☞ Emergence, Program Synthesis, and Evolution
These are a few of my favorite things...all combined into a single piece of research.
The ALIFE 2021 conference—a conference all about artificial life—happened last month. And I was struck by one talk in particular: “Generating Agent Based Models From Scratch With Genetic Programming.” And that research explores a fascinating line of thinking.
In complex systems you find emergent phenomena, where the rules of individual agents combine in novel ways to result in complex and sometimes seemingly unexpected behavior. But what if you could automatically generate these rules of the agents? Specifically, what if you could use evolutionary computation to evolve the small ruleset that each agent operates by, such that the resulting behavior adheres to the emergent one seen in nature? For example, could you evolve the flocking rules for how each bird flies, then run a whole flock of these agents and get flocking behavior?
Using evolutionary computation along with program synthesis—a process of generating novel computer code according to certain specifications—the researchers Rory Greig and Jordi Arranz succeeded. And they even did it for the flocking example!
As per the paper:
This technique enables us to generate models which are relatively free from existing domain priors and human preconceptions, and may shed light on completely new dynamics which have been overlooked because they are unintuitive or non-obvious. The output is an interpretable symbolic model which can be understood and extended by a human modeller, so this could be used for automatically building quick prototype models before a modeller refines them.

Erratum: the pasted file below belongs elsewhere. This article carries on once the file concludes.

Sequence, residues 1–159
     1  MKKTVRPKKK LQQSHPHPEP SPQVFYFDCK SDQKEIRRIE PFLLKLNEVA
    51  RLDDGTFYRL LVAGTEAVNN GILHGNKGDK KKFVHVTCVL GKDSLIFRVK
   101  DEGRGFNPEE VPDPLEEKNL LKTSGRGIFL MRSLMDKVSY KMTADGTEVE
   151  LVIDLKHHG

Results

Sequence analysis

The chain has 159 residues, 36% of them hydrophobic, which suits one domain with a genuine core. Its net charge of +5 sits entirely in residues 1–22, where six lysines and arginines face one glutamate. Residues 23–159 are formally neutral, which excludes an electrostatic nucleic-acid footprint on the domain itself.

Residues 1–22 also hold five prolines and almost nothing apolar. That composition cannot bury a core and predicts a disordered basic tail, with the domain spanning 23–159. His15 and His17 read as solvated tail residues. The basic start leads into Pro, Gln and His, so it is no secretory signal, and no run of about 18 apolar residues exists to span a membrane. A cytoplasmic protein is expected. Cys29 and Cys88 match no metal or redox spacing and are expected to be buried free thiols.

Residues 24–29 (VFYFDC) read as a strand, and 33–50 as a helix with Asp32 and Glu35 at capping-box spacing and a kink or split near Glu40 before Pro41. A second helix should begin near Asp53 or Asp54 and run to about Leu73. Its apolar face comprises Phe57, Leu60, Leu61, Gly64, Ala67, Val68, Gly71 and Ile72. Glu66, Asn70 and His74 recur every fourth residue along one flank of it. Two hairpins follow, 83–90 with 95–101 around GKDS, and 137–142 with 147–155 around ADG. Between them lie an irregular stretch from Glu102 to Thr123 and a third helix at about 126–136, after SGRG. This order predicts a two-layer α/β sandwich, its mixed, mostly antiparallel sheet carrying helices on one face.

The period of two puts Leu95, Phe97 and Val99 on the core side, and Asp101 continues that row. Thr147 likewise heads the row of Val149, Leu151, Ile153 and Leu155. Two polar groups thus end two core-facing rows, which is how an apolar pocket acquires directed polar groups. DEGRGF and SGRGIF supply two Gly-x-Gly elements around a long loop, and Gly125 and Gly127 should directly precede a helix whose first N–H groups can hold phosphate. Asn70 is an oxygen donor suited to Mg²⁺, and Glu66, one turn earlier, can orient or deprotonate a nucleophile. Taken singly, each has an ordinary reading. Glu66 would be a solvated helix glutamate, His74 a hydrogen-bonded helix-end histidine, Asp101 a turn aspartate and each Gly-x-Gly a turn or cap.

Fascinating work and I’m excited to see more in this space.
The Last Policeman is the first book in a trilogy of novels revolving around a police detective who insists on doing his job of solving mysteries, even though there’s a complication: there are only a few months to go before an asteroid is predicted to collide with Earth and destroy all human civilization. While definitely imbued with an outer-space premise, the books of the trilogy are not really science fiction; they’re very much novels about simply living in the shadow of this impending doom, even as society crumbles around you. As per Wikipedia:
Winters describes the work as an “existential detective novel”, turning on the question of why people do things in spite of their long-term unimportance.
And as depressing as this sounds, it’s also fantastic (or perhaps that’s just the pandemic talking). Because these are the kinds of books that help the reader to crystallize what truly matters: what should each of us care about, if we can pull back the veneer of normalcy? The successive books of the trilogy explore the changes in society as the asteroid gets closer and closer, as well as how the main character continues to just solve different cases.
With that, I will leave the reader with this excerpt from the Talmud wherein a debate is recorded about whether humanity should have even been created:
For two and a half years, Beit Shammai and Beit Hillel disagreed. These say: It would have been preferable had man not been created than to have been created. And those said: It is preferable for man to have been created than had he not been created. Ultimately, they were counted and concluded: It would have been preferable had man not been created than to have been created. However, now that he has been created, he should examine his actions that he has performed and seek to correct them.
Finally, here a few things I’ve recently enjoyed:
Why I’m a proud solutionist: My friend Jason Crawford’s take on optimism and technological progress.
How To Terraform Venus (Quickly) [video]
And “The Feel-Good Recliner That Cures What Ails You,” on the Adirondack chair:
It wouldn’t be the first time that furniture designed for the sick or infirm crossed into the mainstream, says Patricia Kane, a curator of American Decorative Arts at Yale University Art Gallery, who obtained a Westport chair for the collection in 2002. A classic example is the wing chair, whose dual protuberances were likely designed to support the head of elderly or infirm occupants and which—like Bunnell’s patented chair—were sometimes fitted with commodes. “Nowadays they’ve migrated into our living rooms, and we think of them as living room furniture,” Kane says.
Until next month.